“It’s also about looking beyond those statistics in isolation. According to the most recent Tech Nation report, if the North of England was classed as a country, it would boast the 9th biggest fintech sector in Europe. In fact, currently the region employs 11 times more people in the FinTech sector than Frankfurt and two times more than Paris. This indicates the potential for growth is substantial.”

The funding debate

New figures released by Innovate Finance show that over the last year, the proportion of UK FinTech investment being made via London has decreased from 94% to 88%. Whilst this is still a dominant share, it represents a marked improvement and if this rate of changes were to continue, then in 3 years’ time around a quarter of FinTech investment would be outside London.

As things stand, do you have to be based in the Capital if you want funding?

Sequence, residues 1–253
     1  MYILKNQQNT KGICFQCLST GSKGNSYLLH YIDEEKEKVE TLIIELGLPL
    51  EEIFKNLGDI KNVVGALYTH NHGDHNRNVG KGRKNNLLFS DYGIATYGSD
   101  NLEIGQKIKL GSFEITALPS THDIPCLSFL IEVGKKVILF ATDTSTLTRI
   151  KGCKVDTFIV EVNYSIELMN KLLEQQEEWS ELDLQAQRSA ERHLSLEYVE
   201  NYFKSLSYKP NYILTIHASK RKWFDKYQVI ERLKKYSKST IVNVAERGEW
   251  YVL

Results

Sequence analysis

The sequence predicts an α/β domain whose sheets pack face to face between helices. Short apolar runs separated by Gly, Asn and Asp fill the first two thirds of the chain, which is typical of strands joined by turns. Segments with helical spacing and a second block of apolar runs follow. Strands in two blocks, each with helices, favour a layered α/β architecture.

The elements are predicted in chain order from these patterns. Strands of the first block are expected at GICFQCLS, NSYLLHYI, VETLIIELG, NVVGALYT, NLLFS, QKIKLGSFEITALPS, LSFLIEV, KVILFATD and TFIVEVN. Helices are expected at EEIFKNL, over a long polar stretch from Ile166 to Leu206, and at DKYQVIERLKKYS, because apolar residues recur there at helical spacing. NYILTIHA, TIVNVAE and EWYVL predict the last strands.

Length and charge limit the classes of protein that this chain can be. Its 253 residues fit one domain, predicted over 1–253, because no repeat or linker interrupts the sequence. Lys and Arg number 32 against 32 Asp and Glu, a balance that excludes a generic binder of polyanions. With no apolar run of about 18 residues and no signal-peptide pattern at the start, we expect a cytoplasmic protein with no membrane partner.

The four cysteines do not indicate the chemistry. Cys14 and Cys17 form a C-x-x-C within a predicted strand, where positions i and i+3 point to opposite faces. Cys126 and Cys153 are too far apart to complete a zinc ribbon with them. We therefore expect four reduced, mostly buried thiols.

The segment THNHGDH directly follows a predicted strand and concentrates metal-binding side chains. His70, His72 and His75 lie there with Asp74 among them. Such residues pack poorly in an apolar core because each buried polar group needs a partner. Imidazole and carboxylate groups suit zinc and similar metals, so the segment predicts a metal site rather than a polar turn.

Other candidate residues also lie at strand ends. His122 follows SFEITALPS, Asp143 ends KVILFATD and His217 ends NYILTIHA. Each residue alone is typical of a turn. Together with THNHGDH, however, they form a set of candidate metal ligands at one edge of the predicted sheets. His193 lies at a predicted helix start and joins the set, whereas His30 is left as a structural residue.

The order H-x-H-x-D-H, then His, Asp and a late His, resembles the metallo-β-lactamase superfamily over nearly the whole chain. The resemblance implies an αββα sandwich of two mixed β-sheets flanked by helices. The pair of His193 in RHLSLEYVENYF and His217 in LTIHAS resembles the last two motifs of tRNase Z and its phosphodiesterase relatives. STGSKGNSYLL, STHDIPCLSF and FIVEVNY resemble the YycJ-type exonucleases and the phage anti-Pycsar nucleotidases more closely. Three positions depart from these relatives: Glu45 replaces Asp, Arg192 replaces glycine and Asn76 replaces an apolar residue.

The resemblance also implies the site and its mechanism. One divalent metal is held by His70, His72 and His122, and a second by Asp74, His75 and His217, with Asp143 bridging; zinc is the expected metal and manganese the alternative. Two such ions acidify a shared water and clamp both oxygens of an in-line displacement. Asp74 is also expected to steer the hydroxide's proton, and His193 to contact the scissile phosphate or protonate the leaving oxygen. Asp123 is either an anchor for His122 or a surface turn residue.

“In short, no. But there’s two interesting camps of debate. On one hand, thinking globally and getting your product to a stage where you can access online networks suggests you don’t necessarily need to be in London to access investors. On the other hand, not being in London has a few different knock-on effects. It’s argued that there’s an investor knowledge gap, creating difficulty for early-stage businesses to receive funding when investors can’t necessarily get their head around intricate, technical concepts and would rather invest in something tangible with a sure-fire revenue stream. Growing your network can also be an issue, factoring in train travel and opportunity cost to get face-to-face interaction on a regular basis.”